Calendar of Events

Nov 24, 2014 | Washington, DC
Dec 08, 2014 to Dec 09, 2014 | Washington, DC
Jan 14, 2015 to Jan 16, 2015 | San Diego, CA


Public Utilities Reports

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Smart Meters on The March

New federal policies portend a wave of demand-response programs, and perhaps a new era in resource planning.

Michael T. Burr

When President Bush signed the energy bill on August 8, he set in motion a chain of events that might lead to major changes in the way utilities price and meter retail electric services—and ultimately in the way they value and use non-traditional energy resources.

Off Peak

Regulators count on price signals to force consumers to behave.
*Witnesses: U.S. Sen. Larry E. Craig (R.., Idaho); Raymond L. Gifford (chairman, Colo. Pub. Serv. Comm'n), Tony Schaefer (Chairman, New Mex. Pub. Reg. Comm'n), Roy Hemmingway (energy advisor for Oregon Governor John A. Kitzhhaber), William L. Massey (FERC), Linda K. Breathitt (FERC), Roger Hamilton (Oregon Pub. Util. Comm'n), Greg Keeley (speaker pro tem, Calif. Gen. Assembly), and Marsha H. Smith (Idaho Pub. Utils. Comm'n).

Off Peak

May 15, 2001

Now Do as You're Told


Regulators count on price signals to force consumers to behave.

Boise, Idaho: Tues. Apr. 10, 2001, 8 a.m.

Mergers and the Public Interest: Saving the Savings for the Poorest Customers

Roger Colton, Karen Brown, and Jeff Ackermann


How Colorado's settlement in the Xcel merger builds a case for treating needy ratepayers as a separate class entitled to merger benefits.


John Andrew Singer

PYRAMIDS FALL. While I enjoyed reading the "Pyramid Schemes" article in your May 1, 1998 issue, as the lead prosecutor in the Federal Trade Commission's action against FutureNet I feel a clarification is in order. While the FTC's complaint focused on FutureNet's Internet access program, certain concerns attach to any program which focuses on recruitment since one of the hallmarks of a pyramid is the lack of any relationship between the compensation paid to a distributor for recruiting and the sale of any product. (Webster v. Omnitrition International Inc., 79 F. 3d 776, 781 [9th Cir.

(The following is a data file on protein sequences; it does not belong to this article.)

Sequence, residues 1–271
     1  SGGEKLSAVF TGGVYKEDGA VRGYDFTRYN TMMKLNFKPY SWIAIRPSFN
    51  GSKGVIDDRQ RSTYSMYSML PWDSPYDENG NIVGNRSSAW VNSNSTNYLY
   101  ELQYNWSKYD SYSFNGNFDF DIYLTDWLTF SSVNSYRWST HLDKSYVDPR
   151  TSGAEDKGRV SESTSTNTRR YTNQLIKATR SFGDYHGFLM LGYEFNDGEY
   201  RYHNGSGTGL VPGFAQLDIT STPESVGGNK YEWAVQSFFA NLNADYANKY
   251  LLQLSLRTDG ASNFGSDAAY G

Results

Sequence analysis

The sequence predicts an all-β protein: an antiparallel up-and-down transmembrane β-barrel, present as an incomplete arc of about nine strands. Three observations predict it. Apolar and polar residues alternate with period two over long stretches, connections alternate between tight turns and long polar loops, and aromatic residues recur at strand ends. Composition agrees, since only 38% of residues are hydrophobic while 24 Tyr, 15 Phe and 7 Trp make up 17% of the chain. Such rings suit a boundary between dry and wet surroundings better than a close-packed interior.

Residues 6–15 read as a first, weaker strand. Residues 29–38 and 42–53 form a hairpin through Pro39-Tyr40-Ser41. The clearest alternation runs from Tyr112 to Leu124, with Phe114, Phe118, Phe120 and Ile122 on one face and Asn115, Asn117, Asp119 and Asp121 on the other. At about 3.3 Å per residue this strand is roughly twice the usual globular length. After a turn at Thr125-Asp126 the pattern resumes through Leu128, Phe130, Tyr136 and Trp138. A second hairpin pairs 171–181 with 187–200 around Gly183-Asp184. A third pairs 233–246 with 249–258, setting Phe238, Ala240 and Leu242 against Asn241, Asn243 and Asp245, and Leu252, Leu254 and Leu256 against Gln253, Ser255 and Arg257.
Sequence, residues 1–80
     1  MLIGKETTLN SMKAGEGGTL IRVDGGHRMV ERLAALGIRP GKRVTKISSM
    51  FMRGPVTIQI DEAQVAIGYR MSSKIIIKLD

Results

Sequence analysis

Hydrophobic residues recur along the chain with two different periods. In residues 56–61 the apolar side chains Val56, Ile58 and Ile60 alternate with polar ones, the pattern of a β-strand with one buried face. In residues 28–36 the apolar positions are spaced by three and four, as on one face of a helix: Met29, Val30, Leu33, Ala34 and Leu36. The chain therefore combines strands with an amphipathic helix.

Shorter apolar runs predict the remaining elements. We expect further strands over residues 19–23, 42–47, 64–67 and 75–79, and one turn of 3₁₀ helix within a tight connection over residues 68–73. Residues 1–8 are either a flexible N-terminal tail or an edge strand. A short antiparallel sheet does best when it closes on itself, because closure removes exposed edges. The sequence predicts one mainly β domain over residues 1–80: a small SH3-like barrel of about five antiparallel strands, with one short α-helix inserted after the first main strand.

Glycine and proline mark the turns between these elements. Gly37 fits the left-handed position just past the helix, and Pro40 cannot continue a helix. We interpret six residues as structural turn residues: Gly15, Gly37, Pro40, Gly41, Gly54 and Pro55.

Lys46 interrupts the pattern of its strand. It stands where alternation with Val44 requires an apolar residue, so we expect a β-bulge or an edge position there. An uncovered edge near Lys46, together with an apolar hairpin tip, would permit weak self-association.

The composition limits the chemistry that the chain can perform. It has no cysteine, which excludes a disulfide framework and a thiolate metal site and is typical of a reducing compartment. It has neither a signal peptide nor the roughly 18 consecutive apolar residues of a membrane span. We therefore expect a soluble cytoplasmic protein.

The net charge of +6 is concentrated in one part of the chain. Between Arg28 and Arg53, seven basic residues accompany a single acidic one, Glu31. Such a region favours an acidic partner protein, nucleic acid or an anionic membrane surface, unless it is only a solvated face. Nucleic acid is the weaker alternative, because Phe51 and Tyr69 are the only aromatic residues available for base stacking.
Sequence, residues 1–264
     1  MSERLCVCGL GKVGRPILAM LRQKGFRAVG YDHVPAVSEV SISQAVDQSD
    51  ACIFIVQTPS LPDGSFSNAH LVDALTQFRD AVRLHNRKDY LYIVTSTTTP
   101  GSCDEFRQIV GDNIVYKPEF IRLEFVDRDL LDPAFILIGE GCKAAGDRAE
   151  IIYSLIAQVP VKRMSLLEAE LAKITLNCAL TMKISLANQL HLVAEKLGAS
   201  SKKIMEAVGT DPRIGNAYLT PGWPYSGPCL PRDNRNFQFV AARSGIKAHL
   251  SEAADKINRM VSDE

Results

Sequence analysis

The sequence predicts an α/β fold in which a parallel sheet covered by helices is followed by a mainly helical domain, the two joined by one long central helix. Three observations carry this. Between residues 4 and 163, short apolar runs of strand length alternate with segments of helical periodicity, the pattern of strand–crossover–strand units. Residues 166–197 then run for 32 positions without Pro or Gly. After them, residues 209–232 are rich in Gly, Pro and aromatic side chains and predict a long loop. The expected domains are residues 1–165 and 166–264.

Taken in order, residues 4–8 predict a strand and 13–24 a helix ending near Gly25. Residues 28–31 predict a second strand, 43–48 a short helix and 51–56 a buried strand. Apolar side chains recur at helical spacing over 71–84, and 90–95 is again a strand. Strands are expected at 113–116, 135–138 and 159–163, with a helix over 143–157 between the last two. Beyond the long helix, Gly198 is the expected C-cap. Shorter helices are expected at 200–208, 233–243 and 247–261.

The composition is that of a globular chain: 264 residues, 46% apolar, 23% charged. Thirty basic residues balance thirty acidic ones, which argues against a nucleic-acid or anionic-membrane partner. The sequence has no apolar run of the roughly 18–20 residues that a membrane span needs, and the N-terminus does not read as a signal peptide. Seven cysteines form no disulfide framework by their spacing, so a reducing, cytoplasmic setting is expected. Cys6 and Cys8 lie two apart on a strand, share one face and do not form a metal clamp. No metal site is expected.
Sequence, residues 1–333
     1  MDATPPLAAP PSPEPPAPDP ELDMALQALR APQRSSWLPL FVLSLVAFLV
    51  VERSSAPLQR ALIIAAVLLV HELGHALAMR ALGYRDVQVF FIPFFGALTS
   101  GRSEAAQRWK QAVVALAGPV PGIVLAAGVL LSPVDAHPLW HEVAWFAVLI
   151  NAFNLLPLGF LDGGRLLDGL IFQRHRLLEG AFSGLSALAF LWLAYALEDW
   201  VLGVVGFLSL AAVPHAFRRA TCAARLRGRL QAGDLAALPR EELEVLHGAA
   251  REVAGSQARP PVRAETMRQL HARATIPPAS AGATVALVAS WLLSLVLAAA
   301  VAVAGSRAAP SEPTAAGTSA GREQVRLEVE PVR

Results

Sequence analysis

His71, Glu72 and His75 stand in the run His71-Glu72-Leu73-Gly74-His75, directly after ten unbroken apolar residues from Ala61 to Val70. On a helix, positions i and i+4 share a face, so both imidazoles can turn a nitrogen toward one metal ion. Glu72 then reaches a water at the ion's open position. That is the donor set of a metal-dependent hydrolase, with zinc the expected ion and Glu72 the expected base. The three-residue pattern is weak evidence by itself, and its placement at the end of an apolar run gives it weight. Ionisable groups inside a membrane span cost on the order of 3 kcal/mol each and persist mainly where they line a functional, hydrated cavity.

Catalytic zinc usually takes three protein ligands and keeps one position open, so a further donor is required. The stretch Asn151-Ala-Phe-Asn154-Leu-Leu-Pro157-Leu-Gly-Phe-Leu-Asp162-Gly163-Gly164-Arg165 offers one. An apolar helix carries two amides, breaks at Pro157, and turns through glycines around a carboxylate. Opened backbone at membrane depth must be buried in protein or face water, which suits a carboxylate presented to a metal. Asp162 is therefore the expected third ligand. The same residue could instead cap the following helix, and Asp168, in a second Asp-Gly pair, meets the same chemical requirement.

Off Peak

AMID WORRIES THAT RESIDENTIAL CONSUMERS MAY NOT benefit from competition comes a study that shows at least one industry will: metering. This market is expected to grow an average of 5 percent per year through 2002.

By 2002, the metering industry is expected to be worth $3.1 billion, up from $2.4 billion last year, says Metering for Utilities: Riding the Wave of Deregulation, a new book from Business Communications Co.

Overall, meter reading systems are expected to log the highest average annual growth rate, about 16 percent each year over the next five years.

Hurdling Ever Higher: A New Obstacle Course for Mergers at the FERC?

John F. Mandt and Karl R. Moor

For the partners in a utility merger, the celebration must wait. After opening the most delicate of dialogues, and then negotiating the price and closing the deal, the merger partners must yet gain the approval of regulators. The application may lie sealed in its FedEx pouch, safely on its way to Washington.

Learning from California's QF Auction

Paul Gribik

California's 1993 qualifying facility (QF) auction dramatically illustrates problems that can be encountered in structuring auctions for electric utility solicitations of supply-side resources from qualifying cogeneration and small power production facilities.

In the 1993 California QF auction, three California utilities were to select QFs that would be awarded long-term purchased-power contr